It would be easy to see a newfound interest in Northern Soul to be a shallow indulgence in retro fashion and the quaintness of northern living. The look is easily achieved if you shop at Fred Perry, get a few badges and shuffle about to a Four Tops record. It could be construed at cultural appropriation, or an intrusion into a rather closed circle. But this curiosity in the Northern Soul phenomenon, and the desire to imitate or participate in it, is not without good reason.
It’s one of the most important youth sub-cultures this country has ever seen, one tied up with serious sociopolitical issues that was bookended by the hippie movement of the 60s and the acid house movement during Thatcher’s reign. On a very basic level, it is dance music. It’s a key part of the grand narrative of club music as a parent to Disco, and great grandparent to Detroit Techno. It has warranted a few great documentaries, and a brilliant recently released film (cleverly entitled Northern Soul) that, in spite of its romantic dramatisation, captures some of the recurring themes and feelings of the scene: escapism, adolescence, drug use and fierce competition.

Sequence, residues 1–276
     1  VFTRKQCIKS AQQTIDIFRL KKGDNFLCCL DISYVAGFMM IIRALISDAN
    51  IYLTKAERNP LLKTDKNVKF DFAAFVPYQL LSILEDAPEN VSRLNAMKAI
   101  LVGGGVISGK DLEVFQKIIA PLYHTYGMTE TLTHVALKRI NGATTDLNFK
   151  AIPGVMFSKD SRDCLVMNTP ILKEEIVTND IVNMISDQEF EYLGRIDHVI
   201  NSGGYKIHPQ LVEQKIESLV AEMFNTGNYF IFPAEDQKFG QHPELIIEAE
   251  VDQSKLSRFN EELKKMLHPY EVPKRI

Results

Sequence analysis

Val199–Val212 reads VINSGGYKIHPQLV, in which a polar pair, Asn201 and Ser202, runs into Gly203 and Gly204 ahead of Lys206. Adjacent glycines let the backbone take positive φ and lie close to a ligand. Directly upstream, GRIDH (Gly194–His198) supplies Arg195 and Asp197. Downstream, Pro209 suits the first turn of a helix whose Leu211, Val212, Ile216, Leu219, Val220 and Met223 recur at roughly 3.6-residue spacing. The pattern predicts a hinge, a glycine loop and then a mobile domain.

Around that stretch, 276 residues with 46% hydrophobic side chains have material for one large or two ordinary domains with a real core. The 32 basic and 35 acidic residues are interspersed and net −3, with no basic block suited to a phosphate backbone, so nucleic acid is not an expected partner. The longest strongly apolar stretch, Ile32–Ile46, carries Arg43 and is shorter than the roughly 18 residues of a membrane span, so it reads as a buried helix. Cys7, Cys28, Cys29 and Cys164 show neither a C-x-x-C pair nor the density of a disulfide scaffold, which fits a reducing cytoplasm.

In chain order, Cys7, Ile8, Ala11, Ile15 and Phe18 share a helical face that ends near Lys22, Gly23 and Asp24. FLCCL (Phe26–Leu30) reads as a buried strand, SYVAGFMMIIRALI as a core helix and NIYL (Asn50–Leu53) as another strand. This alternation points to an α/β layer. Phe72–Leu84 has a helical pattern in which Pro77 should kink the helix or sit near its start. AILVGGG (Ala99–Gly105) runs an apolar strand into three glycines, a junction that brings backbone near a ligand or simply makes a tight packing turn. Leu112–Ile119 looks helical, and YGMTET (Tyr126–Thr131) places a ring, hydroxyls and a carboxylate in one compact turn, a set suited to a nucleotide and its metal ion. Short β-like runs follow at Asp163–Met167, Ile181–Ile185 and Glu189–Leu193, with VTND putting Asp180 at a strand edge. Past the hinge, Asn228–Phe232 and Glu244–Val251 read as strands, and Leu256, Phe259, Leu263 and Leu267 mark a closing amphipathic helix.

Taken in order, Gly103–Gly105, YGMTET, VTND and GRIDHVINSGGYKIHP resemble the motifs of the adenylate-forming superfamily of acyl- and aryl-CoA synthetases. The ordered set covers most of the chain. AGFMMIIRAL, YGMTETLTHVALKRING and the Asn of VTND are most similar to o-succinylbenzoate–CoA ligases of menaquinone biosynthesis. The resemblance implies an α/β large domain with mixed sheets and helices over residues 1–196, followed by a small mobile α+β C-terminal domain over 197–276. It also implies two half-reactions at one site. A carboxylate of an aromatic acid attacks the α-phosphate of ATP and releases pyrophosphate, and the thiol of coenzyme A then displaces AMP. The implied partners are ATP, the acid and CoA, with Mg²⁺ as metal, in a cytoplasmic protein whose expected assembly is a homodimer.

This competition between DJs in the 70s, when they would endeavour to get their paws on the hottest records from America, has been transfigured into friendliness in the modern day. Communities of Northern Soulers continue to keep the faith all over the country. One of these groups is the Leeds Central Soul Club who, for the first time in 35 years, will be doing an all nighter.
All nighters, famously executed by the night owls at Wigan’s Casino Club, were a chance for the youth to lose themselves in the music for hours on end, doing splits, kicks and spins until the sun came up. It’s a familiar scene in 2015; club nights normally extend to the early hours (only without such acrobatics). But this is a practice pioneered by the Northern Soul crowd. The event on 18 July, is sure to chime with both a new and old generation. The venue, HiFi, was formerly known as The Leeds Central, before a new breed stepped in. But the classic formula achieved during the Northern Soul era remains. After a 35 year wait (and four years of trying), the Central Soul Club will employ this format once again in its rawest guise.
From 11pm to 7am, you’ll hear music from the soul club’s seasoned selectors: Paul Rowan, Twink, Swish, Stewart & Sammy, Mike Eastwood, Keith Atkinson and Steve Luigi.
Tickets are available here for £8 each.